(Tennyson: "Once more the old mysterious glimmer steals / From thy pure brows, and from thy shoulders pure, / And bosom beating with a heart renewed. / Thy cheek begins to redden through the gloom, / Thy sweet eyes brighten slowly close to mine, / Ere yet they blind the stars, and the wild team / Which love thee, yearning for thy yoke, arise, / And shake the darkness from their loosened manes, / And beat the twilight into flakes of a fire." It's from Tithonus, a poem he wrote about one of Aurora's lovers. Would you know I was fucking with you if I said "the other side of Thrace is also Thrace"? That's comedy, come on.)
Kara enters the Oracle's tent, and calls out; on an altar she sees a goddess, cast in gold: they've taken away her hands, and replaced them with wings. Kara Thrace has hands. Six years ago they gave her wings. Yolanda Brenna, who has an old-world face, appears, one eye obscured as she peeks around a wall. With one eye on Kara, she almost smiles: "The goddess Aurora. Take it, it's yours." (This was supposed to be Selloi again, but the schedule didn't work out.) "What the hell am I gonna do with this?" She'll know, when it's time. Brenna holds out her hands, asking Kara to sit. Kara kneels across an altar from the woman, a huge ceremonial bowl between them, filled with water. With the sound of dripping, with the lights playing across the water and onto their faces, you'd think we were in the presence of the Hybrid. Or on an MKULtra trip, or in the Temple of Five, or sitting with Boomer, listening to the water. Maybe last time, Kara was the interrogator and someone else was the prisoner. The players change, the story remains the same: it's not just Gaius's trial, and it never was. She takes the Oracle's hands.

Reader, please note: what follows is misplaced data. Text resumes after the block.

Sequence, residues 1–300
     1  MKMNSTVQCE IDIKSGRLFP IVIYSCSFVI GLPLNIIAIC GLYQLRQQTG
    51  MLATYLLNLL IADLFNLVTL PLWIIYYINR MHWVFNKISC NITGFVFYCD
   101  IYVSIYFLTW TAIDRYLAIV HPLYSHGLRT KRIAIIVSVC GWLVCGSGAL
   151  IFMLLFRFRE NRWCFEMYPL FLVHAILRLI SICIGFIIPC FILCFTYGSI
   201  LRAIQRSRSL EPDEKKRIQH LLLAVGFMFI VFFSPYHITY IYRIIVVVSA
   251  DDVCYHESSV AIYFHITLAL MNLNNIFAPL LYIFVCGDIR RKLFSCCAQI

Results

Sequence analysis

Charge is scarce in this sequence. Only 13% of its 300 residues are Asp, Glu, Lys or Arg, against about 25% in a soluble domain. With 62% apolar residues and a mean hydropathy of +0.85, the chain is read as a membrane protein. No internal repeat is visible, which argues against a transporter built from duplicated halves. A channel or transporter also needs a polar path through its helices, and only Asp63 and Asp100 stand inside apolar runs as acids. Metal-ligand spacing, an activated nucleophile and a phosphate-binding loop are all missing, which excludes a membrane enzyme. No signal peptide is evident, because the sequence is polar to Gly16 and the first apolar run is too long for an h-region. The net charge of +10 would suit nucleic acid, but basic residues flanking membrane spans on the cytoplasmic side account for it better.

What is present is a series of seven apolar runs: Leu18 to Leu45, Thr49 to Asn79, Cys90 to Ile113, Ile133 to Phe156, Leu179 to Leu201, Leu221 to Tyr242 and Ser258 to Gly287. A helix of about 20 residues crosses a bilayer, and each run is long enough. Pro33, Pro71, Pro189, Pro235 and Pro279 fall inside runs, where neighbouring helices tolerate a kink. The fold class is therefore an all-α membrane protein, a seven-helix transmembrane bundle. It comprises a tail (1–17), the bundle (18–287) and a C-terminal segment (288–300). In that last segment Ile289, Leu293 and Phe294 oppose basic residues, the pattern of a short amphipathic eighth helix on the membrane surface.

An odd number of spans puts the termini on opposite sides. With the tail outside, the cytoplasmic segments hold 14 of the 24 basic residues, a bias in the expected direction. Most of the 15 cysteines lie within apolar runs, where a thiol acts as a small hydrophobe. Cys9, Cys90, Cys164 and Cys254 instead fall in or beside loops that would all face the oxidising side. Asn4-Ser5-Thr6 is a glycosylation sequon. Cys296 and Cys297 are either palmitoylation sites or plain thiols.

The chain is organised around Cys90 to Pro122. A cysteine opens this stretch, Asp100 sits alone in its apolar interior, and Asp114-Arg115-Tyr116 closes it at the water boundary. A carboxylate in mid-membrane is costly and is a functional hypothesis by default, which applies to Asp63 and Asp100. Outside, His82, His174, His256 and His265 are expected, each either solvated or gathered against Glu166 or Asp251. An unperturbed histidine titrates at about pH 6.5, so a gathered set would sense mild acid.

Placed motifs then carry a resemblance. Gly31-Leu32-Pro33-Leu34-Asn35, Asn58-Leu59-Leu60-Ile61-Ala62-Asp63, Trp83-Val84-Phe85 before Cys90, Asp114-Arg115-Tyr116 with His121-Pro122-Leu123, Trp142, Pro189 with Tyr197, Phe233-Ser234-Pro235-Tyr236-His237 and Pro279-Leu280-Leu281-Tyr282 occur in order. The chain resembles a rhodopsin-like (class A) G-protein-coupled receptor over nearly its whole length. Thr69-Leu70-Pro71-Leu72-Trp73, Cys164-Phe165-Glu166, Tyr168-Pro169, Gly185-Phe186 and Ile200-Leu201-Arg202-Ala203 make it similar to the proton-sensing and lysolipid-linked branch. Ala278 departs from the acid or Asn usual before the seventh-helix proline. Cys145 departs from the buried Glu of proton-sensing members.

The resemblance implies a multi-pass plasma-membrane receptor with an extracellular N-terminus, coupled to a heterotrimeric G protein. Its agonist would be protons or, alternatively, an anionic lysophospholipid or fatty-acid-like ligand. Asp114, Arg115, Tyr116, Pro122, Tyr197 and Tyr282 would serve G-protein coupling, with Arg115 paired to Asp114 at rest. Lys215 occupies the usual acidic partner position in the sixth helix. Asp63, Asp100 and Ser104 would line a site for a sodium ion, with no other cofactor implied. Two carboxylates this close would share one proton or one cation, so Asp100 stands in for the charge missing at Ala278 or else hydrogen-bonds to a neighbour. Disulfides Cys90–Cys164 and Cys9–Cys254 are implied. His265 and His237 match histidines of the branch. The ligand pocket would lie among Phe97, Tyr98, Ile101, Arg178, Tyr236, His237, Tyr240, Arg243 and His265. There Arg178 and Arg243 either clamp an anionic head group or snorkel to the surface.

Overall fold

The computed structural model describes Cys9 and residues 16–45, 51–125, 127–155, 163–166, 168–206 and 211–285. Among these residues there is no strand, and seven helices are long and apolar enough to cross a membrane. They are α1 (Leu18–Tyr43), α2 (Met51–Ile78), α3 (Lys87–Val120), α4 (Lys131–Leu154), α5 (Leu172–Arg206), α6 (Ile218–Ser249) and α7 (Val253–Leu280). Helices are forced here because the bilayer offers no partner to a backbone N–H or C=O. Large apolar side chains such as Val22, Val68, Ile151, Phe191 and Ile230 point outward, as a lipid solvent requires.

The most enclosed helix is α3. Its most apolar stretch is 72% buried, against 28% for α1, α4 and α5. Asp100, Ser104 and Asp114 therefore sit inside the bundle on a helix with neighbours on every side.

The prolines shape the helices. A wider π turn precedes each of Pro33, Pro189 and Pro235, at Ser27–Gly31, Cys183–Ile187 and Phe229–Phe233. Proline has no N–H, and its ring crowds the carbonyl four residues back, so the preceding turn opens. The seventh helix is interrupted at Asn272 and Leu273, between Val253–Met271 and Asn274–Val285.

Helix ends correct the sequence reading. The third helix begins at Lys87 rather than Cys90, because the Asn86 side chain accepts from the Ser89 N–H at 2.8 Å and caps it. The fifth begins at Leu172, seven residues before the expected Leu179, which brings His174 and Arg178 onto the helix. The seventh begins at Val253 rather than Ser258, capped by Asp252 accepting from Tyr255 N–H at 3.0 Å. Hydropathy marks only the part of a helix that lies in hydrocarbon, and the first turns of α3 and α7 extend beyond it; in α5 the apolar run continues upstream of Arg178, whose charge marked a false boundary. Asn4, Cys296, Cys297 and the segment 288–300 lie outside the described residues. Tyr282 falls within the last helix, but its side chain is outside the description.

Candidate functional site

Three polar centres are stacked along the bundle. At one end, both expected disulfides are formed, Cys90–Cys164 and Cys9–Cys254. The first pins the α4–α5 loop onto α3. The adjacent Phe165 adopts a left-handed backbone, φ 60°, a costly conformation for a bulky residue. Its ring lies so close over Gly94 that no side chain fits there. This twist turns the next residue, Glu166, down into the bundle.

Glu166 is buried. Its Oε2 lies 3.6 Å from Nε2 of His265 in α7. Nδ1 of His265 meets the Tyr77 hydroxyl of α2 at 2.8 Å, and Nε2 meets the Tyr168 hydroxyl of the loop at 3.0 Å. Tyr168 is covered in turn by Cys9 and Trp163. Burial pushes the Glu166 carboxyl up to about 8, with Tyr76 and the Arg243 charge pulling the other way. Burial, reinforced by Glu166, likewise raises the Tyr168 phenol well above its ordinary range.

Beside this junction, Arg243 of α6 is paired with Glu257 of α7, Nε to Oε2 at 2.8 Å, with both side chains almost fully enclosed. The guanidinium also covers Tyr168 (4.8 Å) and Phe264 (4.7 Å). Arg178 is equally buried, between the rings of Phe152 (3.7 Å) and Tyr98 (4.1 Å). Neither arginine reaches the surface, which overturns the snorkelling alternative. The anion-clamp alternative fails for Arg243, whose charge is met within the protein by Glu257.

"I, uh," she falters. "Uh...I can't sleep. I have these nightmares." Brenna doesn't look away, at least not in a way you could tell. "About the Cylon? The one who held you captive on New Caprica. Leoben." Starbuck swears he was just fucking with her; Brenna shakes her head. So gentle, even in her harshness. "He knows you better than you know yourself, Kara Thrace. He sees the truth about you. About your destiny." Starbuck pulls back; the Oracle's too strong, she can't get her hands free. There's a door about to slam. "Enough of that. The only destiny I have is as a world-class frak-up." Brenna almost smiles, again: "Who hurts everyone she cares about. That was your mother's gift to you, wasn't it? You were born to a woman who believed suffering was good for the soul, so you suffered." We've heard all these words before; we're hearing them again. Her voice and Leoben's begin to meld; how he was on the floor, talking, refusing to be quieted, when she was the interrogator. "Your life is a testament to pain. You want to believe it, because it means that you're bad luck. You're like a cancer that needs to be removed, because you hear her voice every day." Adama called her that once, too, and he loves her more than anyone; never more than when he said that. "And you want her to be right," says Leoben; back in the tent, Kara Thrace's eyes narrow. "Somebody told you what Leoben said to me?" A droplet runs down Brenna's cheek, like a tear. Like the rain. "Did you ever tell anyone about that? You learned the wrong lesson from your mother, Kara. You confused the messenger with the message." The Greek word for messenger is aggelos. We have a history of getting these messages confused. Six years ago, Kara ripped her wings from her mother's hands and ran, and ran, and ran, and she never looked back. "Your mother was trying to teach you something else," Brenna says, and Kara gets confused again: "You don't know crap about my mother." But Leoben does: "He sees the patterns, how it all fits together." The little girl Kore cries. Starbuck speaks harshly enough to shut her up, and Brenna too, but the Oracle doesn't blink, with her eyes. "He's coming for you. Soon." Somewhere a door slams, on a young girl's hands, breaking every finger, between the first and second knuckle. Kara's trial begins again. Kara tells her to fuck off and leaves; the water plays across Brenna's beautiful face, her eyes: "You can't stop him. And he will show you the way."